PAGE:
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Bored by the home-made signs, disappointed that I could barely see and hear what was going on onstage, and hoping to escape the crush of the crowd, I wandered into the west building of the National Gallery of Art on Saturday, where I wasn’t the only person who’d come to the National Mall for the Rally that day to restore sanity and/or fear. The atrium was packed, and I wrote as much in Washington City Paper‘s live-blog of the day’s events.
Most of the crowd, a volunteer told me, seemed to be there in search of bathrooms and/or food—-though certainly some art was being consumed, including by some people in fake costume and carrying fake signage.
So: What did the rally and its estimated attendance of 200,000-plus mean for the museum? On Saturday, the National Gallery drew 35,186 visitors, according to museum numbers sent to me by Deborah Ziska, NGA’s chief of press and public information. Compare that to the Sept.4-Oct. 23 Saturday average of 14,594. The previous Saturday, the National Gallery drew 18,719 visitors. This coming Saturday, it’ll break 700,000 because of the Lady Gaga appearance I just announced in this sentence.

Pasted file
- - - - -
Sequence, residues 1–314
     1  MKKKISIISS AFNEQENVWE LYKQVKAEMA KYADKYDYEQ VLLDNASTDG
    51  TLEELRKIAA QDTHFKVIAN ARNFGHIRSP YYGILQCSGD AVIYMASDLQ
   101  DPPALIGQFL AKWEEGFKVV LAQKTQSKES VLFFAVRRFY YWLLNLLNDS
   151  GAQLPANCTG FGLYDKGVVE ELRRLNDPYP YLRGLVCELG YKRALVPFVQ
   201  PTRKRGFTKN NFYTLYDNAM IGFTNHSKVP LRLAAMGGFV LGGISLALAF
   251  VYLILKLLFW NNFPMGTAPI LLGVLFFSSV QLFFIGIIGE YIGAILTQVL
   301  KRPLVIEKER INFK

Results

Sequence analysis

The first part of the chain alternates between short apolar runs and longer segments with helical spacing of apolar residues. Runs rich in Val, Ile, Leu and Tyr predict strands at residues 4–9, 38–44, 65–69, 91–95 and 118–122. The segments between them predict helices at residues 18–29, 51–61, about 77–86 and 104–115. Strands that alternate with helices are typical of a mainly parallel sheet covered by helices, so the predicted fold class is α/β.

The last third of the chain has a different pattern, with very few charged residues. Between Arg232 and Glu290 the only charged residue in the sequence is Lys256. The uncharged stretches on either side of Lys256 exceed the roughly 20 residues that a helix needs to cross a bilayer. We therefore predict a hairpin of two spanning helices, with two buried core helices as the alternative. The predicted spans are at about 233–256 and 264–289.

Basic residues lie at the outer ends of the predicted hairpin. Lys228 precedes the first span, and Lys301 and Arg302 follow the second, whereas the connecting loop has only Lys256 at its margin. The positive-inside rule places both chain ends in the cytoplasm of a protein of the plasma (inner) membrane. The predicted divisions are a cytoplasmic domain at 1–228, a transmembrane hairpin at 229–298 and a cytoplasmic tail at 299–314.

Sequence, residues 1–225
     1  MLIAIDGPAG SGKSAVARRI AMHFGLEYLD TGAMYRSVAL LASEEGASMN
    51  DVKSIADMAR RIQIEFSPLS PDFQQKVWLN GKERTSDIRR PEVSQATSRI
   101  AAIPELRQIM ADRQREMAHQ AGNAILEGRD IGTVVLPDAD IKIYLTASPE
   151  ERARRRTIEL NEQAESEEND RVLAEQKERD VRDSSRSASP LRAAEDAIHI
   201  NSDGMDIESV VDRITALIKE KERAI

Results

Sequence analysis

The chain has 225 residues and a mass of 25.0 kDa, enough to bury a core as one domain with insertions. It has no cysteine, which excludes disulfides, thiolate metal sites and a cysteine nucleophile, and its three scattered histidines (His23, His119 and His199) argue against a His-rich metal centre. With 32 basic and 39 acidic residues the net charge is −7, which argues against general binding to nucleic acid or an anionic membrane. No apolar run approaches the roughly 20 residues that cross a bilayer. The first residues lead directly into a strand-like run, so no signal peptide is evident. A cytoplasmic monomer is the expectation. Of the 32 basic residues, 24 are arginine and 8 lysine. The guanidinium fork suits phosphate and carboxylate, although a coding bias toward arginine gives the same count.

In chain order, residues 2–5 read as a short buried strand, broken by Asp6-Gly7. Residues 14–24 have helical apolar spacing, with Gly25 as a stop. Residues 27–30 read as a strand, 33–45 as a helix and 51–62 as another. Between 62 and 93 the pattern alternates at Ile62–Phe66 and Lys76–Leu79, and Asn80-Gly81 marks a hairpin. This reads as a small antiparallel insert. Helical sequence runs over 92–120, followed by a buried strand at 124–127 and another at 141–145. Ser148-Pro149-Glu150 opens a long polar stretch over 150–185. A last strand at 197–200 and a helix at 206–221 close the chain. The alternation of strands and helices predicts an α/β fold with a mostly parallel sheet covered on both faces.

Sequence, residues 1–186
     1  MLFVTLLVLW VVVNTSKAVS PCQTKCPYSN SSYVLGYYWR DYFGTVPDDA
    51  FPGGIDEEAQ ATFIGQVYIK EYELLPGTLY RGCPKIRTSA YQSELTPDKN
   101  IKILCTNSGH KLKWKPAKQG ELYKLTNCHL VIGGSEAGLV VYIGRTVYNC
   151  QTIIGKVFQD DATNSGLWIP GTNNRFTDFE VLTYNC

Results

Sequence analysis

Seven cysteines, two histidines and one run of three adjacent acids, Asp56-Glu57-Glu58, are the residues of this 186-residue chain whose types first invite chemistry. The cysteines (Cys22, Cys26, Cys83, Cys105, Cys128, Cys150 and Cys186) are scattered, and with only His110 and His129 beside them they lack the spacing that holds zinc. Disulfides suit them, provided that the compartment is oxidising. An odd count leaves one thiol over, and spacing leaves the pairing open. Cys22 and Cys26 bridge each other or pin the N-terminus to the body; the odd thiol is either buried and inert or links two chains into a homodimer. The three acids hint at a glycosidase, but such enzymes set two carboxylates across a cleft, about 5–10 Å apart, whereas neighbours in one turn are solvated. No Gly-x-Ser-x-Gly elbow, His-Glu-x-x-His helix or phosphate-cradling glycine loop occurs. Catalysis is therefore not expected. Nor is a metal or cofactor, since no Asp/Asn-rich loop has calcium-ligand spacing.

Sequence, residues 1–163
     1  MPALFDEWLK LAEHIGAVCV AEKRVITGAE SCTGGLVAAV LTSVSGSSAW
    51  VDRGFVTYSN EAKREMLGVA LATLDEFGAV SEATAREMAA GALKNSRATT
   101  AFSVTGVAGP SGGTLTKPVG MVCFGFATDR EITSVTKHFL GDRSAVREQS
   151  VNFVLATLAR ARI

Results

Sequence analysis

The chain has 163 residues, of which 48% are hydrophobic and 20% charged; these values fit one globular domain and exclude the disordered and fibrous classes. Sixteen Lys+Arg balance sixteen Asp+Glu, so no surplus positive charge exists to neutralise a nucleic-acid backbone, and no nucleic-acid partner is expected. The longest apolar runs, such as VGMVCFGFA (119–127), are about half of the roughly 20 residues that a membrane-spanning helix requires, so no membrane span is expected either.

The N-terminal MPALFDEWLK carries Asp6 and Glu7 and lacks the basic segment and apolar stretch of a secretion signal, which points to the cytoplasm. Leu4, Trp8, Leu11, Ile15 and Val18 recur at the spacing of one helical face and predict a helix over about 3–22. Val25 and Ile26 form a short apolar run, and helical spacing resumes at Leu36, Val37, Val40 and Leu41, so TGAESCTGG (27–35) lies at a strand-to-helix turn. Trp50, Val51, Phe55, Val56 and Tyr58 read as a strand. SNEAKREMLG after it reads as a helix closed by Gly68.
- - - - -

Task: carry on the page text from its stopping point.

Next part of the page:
Of course, there are many variables that affect attendance, like “holidays, weather, tourism flow, gallery exhibitions and programs and promotion, events (good and bad) that we have no control over (Marine Marathon, Inaugural, street festivals, rallies, demonstrations),etc., etc.,” Ziska writes. “Having said all of that, many of the larger rallies and demonstrations within our vicinity do increase our attendance, whether people are coming for the art and/or amenities (restrooms and restaurants and shops)!”
Plus! As far as I could tell, the lines for the NGA’s bathrooms were somewhat shorter than the lines outside for Jon Stewart’s Porta Potties.